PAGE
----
Sarah Oates is a scholar in the field of political communication and democratization. A major theme in her work is the way in which the traditional media and the internet can support or subvert democracy in places as diverse as Russia, the United States and the United Kingdom. Oates also is the research director for the college and an affiliate professor in the UMD Department of Communication.
Oates has published many books, articles, chapters and papers on topics including how the internet can challenge dictatorship, how election coverage varies in different countries and how national media systems cover terrorism in distinctive ways. One of her most recent books, “Revolution Stalled: The Political Limits of the Internet in the Post-Soviet Sphere” (Oxford University Press), found faint hope for online mobilization in Russia. She teaches undergraduates, graduates and supervises doctoral dissertations in digital politics, political communication and journalistic norms. Her current work examines how political messages travel through media ecosystems, analyzing why some stories gain more attention than others from audiences. This includes work on how Donald Trump gained huge public attention via the media in the 2016 election. Click here to download.
Before embarking on her academic career, Oates was a journalist who published in outlets ranging from the Orlando Sentinel to The New York Times. She has lived, studied and worked in Scotland and Russia. You can view more about her work and download selected work at www.media-politics.com. You can follow her on Twitter @media_politics. She frequently comments on politics for the BBC.
Digital protest, social media and politics, internet, media freedom, media and authoritarianism, journalists at risk, elections (particularly Russia, British, U.S.), terrorism coverage, media in cross-national perspective, Russian politics
Media and democratization, especially the role of the internet in nonfree states. Elections and campaigns in the U.S., Russia and United Kingdom. Media and crisis, in particular the framing of terrorist threat.
"Revolution Stalled: The Political Limits of the Internet in the Post-Soviet Sphere." 2013. Digital Politics series at Oxford University Press. ISBN 978-0199735952
"Terrorism, Elections, and Democracy: Political Campaigns in the United States, Great Britain, and Russia" (with L.L. Kaid and M. Berry). 2009. New York: Palgrave Macmillan ISBN 978-0230613577
"Introduction to Media and Politics." 2008. London: SAGE. ISBN 978-1412902625. Translated into Chinese
"Television, Democracy and Elections in Russia." 2006. London: RoutledgeCurzon. ISBN 0415381347
"The Internet and Politics: Citizens, Voters and Activists" (co-edited with D. Owen and R.K. Gibson). 2006. London: Routledge. ISBN 041534784X
Articles and Book Chapters
Regina Smyth and Sarah Oates. 2015. Mind the Gaps: Media Use and Mass Action in Russia. Europe-Asia Studies 67(2): 285-305.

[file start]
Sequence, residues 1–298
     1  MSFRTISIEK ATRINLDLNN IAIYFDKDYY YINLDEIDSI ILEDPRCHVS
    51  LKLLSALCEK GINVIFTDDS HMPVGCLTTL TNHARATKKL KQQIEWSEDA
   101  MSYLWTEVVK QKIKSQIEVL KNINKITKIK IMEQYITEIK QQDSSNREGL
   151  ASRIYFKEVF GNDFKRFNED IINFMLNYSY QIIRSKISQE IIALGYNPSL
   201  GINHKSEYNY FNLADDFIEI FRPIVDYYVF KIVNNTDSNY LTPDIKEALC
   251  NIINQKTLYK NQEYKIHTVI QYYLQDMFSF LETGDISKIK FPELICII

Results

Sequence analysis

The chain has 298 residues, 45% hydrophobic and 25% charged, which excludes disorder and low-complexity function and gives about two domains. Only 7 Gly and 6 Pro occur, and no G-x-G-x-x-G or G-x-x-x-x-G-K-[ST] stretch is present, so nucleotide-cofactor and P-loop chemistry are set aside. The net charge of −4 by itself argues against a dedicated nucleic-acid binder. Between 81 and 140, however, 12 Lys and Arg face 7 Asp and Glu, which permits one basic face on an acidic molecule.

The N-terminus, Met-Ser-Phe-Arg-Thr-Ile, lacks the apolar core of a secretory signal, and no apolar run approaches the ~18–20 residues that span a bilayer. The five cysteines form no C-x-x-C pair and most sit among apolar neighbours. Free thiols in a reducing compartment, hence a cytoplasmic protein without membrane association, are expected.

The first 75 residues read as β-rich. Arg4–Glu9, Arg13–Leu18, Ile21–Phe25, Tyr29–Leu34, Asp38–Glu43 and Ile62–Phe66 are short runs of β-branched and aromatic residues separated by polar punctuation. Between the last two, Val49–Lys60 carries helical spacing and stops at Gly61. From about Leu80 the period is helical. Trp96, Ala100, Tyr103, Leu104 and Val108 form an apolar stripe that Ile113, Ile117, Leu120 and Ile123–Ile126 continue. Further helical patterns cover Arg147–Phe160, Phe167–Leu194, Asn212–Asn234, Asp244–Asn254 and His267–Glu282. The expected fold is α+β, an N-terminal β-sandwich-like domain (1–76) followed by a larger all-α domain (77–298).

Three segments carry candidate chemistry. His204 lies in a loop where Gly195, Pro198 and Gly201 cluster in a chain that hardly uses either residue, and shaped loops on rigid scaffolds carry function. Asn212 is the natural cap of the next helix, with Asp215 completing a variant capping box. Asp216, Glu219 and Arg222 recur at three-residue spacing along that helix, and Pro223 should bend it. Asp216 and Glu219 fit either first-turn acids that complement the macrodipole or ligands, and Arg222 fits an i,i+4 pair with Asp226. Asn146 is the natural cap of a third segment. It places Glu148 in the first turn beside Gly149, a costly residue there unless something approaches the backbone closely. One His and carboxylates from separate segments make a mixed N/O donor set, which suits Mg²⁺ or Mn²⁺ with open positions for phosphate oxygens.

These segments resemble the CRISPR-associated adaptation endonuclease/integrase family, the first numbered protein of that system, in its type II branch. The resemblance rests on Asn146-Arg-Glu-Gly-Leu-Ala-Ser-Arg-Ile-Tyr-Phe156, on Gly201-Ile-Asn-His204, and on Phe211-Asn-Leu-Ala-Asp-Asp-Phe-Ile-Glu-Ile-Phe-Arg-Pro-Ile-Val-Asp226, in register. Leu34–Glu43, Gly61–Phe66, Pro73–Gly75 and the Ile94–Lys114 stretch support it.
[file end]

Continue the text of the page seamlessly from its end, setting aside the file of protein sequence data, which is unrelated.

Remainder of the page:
Glasnost 2.0. 2014. Democratizatsiya: The Journal of Post-Soviet Democratization 22 (2): 277-293.
Russia’s Media and Political Communication in the Digital Age. 2014. In Stephen White, Richard Sakwa, and Henry Hale (eds.) Developments in Russian Politics 8. Durham, NC: Duke University Press. ISBN-13: 978-0822358121.
Towards on Online Bill of Rights. 2014. In Luciano Floridi (ed.) The Onlife Manifesto: Being Human in Hyper-Connected Era. London: Springer. ISBN-13: 978-3319040929.
Political Challengers or Political Outcasts?: Comparing Online Communication for the Communist Party of the Russian Federation and the British Liberal Democrats. 2012. Europe-Asia Studies 64(8): 1463–1488.
Post-Soviet Political Communication. 2012. In H. Semetko and M. Scammell (eds.) The SAGE Handbook of Political Communication: 461-471. ISBN-13 978-1847874399
Going Native: The Value in Reconceptualizing International Internet Service Providers as Domestic Media Outlets (2011). Philosophy & Technology 24 (4): 391409. DOI: 10.1007/s13347-011-0045-4
Media and Political Communication (with G. McCormack). 2009. In S. White, R. Sakwa, and H. Hale (eds.) Developments in Russian Politics 7. Basingstoke: Palgrave. ISBN 978-0230224490
The Neo-Soviet Model of the Media. 2007. Europe-Asia Studies 59(8): 1279-1297.
Comparing the Politics of Fear: The Role of Terrorism News in Election Campaigns in Russia, the United States and Britain. 2006. International Relations 20(4): 425-437.
A Spiral of Post-Soviet Cynicism: The First Decade of Political Advertising in Russia. 2006. In L.L. Kaid and C. Holtz-Bacha (eds.) Handbook of Political Advertising. London: SAGE: 309-324. ISBN 978-1412917957
Visiting Professor, Mohyla School of Journalism, National University of Kyiv-Mohyla Academy (Ukraine)
B.A., Yale University
M.A., Emory University
Ph.D., Emory University